TOKYO: Japan’s industrial production edged up in April, data showed on Tuesday, despite factory shutdowns sparked by a pair of deadly earthquakes that rocked southern Kyushu.
Official figures also showed household spending remained tepid, as Prime Minister Shinzo Abe mulls whether to delay a sales tax hike over fears it could damage the fragile economy.
Inflation data last week showed consumer prices fell for a second straight month, the latest in a series of blows for the premier’s faltering growth plan, dubbed “Abenomics.”
Abe reportedly intends to delay a rise in sales tax, from eight to 10 percent, until October 2019 instead of pushing it through in April next year as planned.
The premier is expected to make an official announcement on Wednesday.
The higher levy is seen as crucial for helping to pay down Japan’s debt load, one of the largest among rich nations.
But a consumption tax rise in 2014—Japan’s first since the late nineties—pushed the world’s number three economy into a brief recession.
On Tuesday, data showed Japan’s factory output in April edged up by 0.3 percent from a month earlier, beating market forecasts for a 1.5-percent decline.
Earthquakes in southern Japan last month forced the temporary closure of some regional factories, including those operated by Toyota and other major firms.
The world’s top automaker saw its domestic production fall 20 percent last month.
Separate data, also released Tuesday, showed Japan’s household spending shrank 0.4 percent in April, although that was a smaller decline than a month earlier.
The job market remained tight, with the unemployment rate at 3.2 percent.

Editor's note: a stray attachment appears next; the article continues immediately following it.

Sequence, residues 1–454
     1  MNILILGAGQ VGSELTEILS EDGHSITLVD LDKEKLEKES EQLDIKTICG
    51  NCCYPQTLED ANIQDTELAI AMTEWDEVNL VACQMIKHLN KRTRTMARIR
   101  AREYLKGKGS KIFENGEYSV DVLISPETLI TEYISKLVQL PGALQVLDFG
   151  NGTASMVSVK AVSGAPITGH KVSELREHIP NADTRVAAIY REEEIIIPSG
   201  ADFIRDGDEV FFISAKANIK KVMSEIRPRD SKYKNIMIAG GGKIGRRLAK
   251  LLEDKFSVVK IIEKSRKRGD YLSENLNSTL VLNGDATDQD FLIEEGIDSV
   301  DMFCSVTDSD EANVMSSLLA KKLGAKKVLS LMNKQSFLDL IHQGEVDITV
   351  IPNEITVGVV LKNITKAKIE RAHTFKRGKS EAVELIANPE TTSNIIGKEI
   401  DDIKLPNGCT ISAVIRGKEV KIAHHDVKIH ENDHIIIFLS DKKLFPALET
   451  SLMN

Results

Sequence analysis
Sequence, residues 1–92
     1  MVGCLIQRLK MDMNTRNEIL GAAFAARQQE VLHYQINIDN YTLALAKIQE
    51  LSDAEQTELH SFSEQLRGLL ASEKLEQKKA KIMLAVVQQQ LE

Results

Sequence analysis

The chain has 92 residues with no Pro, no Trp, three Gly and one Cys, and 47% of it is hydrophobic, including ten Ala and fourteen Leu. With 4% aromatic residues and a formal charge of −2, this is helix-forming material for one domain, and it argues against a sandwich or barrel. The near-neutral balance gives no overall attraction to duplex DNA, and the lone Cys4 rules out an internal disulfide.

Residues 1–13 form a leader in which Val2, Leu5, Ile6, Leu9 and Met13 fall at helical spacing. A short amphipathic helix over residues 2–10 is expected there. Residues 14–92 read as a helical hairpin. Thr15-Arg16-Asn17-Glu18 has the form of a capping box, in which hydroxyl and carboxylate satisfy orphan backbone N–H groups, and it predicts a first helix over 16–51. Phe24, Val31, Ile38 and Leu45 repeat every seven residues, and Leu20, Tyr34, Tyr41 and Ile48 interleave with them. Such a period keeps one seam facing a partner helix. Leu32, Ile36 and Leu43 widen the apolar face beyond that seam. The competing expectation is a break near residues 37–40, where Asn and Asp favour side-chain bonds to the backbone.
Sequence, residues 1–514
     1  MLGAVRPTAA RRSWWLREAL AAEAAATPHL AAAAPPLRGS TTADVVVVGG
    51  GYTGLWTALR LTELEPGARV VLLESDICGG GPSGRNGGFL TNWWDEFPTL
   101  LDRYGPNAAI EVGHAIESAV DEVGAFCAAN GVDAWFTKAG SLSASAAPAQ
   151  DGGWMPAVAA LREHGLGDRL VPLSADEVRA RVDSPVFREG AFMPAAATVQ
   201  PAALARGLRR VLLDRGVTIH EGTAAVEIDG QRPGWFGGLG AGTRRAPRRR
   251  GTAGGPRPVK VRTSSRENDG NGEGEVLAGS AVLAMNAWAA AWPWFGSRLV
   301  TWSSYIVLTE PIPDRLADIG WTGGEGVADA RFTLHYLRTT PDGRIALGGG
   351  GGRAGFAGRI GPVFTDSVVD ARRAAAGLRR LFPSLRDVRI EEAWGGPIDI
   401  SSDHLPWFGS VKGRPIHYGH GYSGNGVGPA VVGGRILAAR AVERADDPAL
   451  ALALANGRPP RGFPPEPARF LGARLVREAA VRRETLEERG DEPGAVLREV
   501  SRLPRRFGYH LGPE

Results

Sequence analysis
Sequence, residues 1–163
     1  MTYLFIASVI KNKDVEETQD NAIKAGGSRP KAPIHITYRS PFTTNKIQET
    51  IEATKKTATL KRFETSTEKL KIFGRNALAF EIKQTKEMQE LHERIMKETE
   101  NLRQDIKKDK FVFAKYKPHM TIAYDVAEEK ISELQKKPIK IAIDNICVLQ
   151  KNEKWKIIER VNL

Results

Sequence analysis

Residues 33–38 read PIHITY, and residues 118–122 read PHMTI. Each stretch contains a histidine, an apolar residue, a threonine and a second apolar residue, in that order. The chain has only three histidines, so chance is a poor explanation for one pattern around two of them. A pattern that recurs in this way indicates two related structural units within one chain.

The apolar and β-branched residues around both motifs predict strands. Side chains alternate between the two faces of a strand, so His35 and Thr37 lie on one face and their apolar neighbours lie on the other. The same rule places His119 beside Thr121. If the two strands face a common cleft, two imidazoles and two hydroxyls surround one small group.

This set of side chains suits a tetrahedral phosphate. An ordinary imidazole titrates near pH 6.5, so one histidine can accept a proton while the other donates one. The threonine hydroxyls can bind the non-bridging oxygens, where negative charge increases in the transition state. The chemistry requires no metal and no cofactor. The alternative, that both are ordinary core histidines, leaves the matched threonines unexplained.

The figures come several days after G7 talks hosted by Japan wrapped up with Abe warning that the world economy risks a crisis on the scale of the 2008 collapse of Lehman Brothers.
Abe has said his government will only push back the tax hike in the event of “a grave situation” as disastrous as Lehman’s disintegration at the start of the global financial crisis or a major earthquake.
Many observers—and some of Abe’s G7 counterparts—were not convinced the global economy was facing such a severe shock, seeing Abe’s comment as instead intended to justify delaying the tax hike.
“The risk is definitely not on the scale of Lehman Brothers’ collapse,” said Shunpei Fujita, an economist at Mitsubishi UFJ Research and Consulting.
“But it is true that the Japanese economy is weak, and a sales tax hike would surely slow it further,” he added.
Critics of delaying the levy hike say Japan must tame its soaring debts and figure out new ways to pay for the ballooning cost of welfare as the population ages.
Government coffers are deep in the red, with public debt standing at twice the size of the economy—the worst among industrialized economies.